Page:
Just across the street from the Jiřího z Poděbrad metro station, you’ll find a set of brown double doors open to a small staircase leading into a cozy, modern space. This is Beergeek, the brewpub for locals and expats who populate this leafy Prague neighborhood and who come in search of unique microbrews from Prague, the Czech Republic and regionally.
Beergeek has 30 microbrews on tap. More than half are Czech, including a couple in-house brews sold under the Sibeeria label.
With so many options, Beergeek offers a five-beer flight for 250 crowns ($11), in which you choose any combination of beers. I went with Falcon Send Nudes (a refreshing, sour IPA that tastes of drunken Sour Patch Kids); Clock Eleven (a barleywine that tastes like a dessert beer); Sibeeria Lollihop (a fairly standard IPA); Lobik Smithereens (a double New England IPA with a rich, mouthiness); and the Maryensztadt Joyride (an engaging sour ale infused with aronie, or black chokeberry).
I’d return just for the two sour beers. Sensing my joy, the barkeep gave me a sampling of the Raven Pilsner Weisse, a super-sour, citrusy beer, and it earns big marks.
You’ll find bar food at Beergeek, including a broad assortment of wings that range from sweet to Grim Reaper hot.
Lokál U Bílé kuželky
Míšeňská 66/12, Malá Strana (Prague 1)
Malostranské náměstí tram stop: trams 1, 2, 12, 15, 20, 22, 41
Lokal is an old, Prague chain with no frills buts lot of authentic ambiance. You’ll find several around the city, though this one is, to me, the best, if only because it’s right near Charles Bridge and within the Mala Strana district, Prague’s most beautiful, Old World section.
You’re only going to find mass-market beer at Lokal, particularly Pilsner Urquell and Kozel. But two exceptional reasons exist to have a Pilsner Urquell here: the tank and the foam.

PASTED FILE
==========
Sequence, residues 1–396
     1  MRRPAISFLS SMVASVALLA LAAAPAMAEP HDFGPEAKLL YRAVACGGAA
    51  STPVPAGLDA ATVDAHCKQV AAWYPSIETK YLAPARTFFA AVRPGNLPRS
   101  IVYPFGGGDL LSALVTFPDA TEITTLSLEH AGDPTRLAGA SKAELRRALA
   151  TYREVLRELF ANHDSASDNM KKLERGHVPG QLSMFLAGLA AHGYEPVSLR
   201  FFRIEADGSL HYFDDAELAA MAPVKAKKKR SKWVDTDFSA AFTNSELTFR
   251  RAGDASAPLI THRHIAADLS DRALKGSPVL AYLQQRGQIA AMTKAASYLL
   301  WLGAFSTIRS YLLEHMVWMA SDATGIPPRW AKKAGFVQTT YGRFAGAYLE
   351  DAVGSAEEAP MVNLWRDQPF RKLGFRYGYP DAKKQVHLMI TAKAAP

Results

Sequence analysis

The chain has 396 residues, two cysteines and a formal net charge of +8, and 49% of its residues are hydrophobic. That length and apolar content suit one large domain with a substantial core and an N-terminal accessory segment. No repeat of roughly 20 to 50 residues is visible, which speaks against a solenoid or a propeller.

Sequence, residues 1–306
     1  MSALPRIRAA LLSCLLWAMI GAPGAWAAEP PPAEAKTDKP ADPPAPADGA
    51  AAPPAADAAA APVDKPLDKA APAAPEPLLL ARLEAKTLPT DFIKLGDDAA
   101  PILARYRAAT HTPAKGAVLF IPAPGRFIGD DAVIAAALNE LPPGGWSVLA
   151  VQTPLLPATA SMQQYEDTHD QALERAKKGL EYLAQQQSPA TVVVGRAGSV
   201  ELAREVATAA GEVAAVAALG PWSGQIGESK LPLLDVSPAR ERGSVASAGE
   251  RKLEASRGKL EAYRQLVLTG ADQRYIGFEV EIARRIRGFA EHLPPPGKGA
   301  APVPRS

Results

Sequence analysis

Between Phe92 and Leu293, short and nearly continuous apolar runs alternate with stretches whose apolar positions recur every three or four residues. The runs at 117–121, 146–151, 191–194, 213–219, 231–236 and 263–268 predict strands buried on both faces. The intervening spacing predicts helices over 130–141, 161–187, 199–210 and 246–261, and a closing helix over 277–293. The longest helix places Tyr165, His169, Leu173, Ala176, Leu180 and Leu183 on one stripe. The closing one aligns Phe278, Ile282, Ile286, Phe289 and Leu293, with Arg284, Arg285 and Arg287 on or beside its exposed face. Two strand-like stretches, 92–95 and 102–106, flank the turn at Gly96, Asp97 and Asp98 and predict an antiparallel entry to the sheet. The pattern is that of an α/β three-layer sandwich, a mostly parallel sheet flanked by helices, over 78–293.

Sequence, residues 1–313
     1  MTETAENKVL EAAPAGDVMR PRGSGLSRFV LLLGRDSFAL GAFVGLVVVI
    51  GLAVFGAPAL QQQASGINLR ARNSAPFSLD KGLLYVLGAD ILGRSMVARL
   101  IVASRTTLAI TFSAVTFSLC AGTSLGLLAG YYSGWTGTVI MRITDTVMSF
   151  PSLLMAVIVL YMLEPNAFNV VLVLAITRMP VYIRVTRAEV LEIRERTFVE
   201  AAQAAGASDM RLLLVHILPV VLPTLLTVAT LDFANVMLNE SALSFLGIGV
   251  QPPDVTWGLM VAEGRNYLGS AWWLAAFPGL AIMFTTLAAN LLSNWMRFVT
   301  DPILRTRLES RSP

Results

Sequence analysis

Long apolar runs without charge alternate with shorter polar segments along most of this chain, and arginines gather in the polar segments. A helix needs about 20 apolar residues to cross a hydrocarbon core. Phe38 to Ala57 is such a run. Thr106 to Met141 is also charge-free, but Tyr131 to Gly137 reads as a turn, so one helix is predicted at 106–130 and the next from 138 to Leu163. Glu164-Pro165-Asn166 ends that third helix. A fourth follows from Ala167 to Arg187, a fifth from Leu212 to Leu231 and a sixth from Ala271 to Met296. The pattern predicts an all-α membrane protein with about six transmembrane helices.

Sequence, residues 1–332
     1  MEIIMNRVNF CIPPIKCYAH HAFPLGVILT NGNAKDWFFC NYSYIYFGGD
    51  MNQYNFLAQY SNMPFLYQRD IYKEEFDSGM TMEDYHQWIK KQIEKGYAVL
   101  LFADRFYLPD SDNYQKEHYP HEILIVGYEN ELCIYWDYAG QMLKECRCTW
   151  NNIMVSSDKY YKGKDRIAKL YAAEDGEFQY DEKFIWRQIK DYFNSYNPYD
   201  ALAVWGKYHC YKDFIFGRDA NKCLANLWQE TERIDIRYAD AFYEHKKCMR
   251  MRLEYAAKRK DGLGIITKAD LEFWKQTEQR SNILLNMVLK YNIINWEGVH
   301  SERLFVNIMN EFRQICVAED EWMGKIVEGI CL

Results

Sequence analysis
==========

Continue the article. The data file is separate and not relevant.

Lokal is what Czechs call a tankovna – a pub that serves “tank beer.” There’s not much storage space in centuries-old buildings, so beer-filled tanker trucks arrive almost daily to fill up a 1,000-liter tank – on display under the bar. Sounds crazy, but I promise this is the freshest, mass-market beer you’ll ever have because it typically comes directly from the brewery to the restaurant shortly after brewing. Folks in Prague swear by tankovna pubs and each insists he (or she) knows the pub with the freshest Pilsner Urquell on tap.
As for the foam … Czechs drink beer in sometimes-unique ways, and one of the most unique is called “mleko”, the Czech word for milk. This is a beer that is 100% foam, meaning it looks like a mug of milk. It’s something that would turn off most Americans who’ve been led to believe a beer with a big head is badly drawn. Wrong.
The entire point of mleko is the head, though the foam ultimately settles into a normal beer. Most Czechs will have downed the foam before the settling happens, though. They order this because the foam is creamy and slightly sweeter than the beer, and it’s quicker to drink when you’re thirsty.
Lokal is a great place to combine beer with downhome Czech cuisine. Try the braised beef with a creamy cranberry mouse and dumplings.
Craft Beer Spot
Plaská 623/5, Malá Strana (Prague 1)
Ujezd tram stop: trams 1, 2, 5, 7, 9, 12, 15, 20
Tourists often miss this section of Mala Strana at the southern edge of the district, away from much of the tourist infrastructure. But just a few steps from Ujezd tram stop is Craft Beer Spot, a comfortable airy space of exposed brick and ductwork with 11 taps pouring fabulous Czech microbrews.
This is another place where you sense it’s largely a local clientele stopping in for a bite and a beer or three from a well-curated selection of brews.
As at Beergeek, I’d recommend the five-beer tasting set for 250 crowns. That way you again get a sampling of what makes Prague and the Czech Republic such a worthy destination for a beer vacation (a brewcation?).
I chose: Sour Passion Fruit (I have a newfound addiction to sour beers); Mein Original hefeweizen (your standard wheat beer); Kastel Rouge (a refreshing cherry Belgian beer); Apocalyptus (a hoppy double IPA that tastes of citrus); and First Order Hibernation (an oatmeal stout almost worthy of being an appetizer).
The Wrap Up
There’s more to Prague’s beer scene than mass-market brands you find on nearly every street corner and in all the tourist haunts. Venture beyond the obvious and you’ll find the true heart of Czech brewing culture.
Just be sure to bring your Capital One Savor card, because many of these places won’t take American Express, and with Savor you’ll collect a nice sum of cash-bash bonuses to help you return to Prague again.
As the Czech’s say, “Na zdravi!” … Cheers!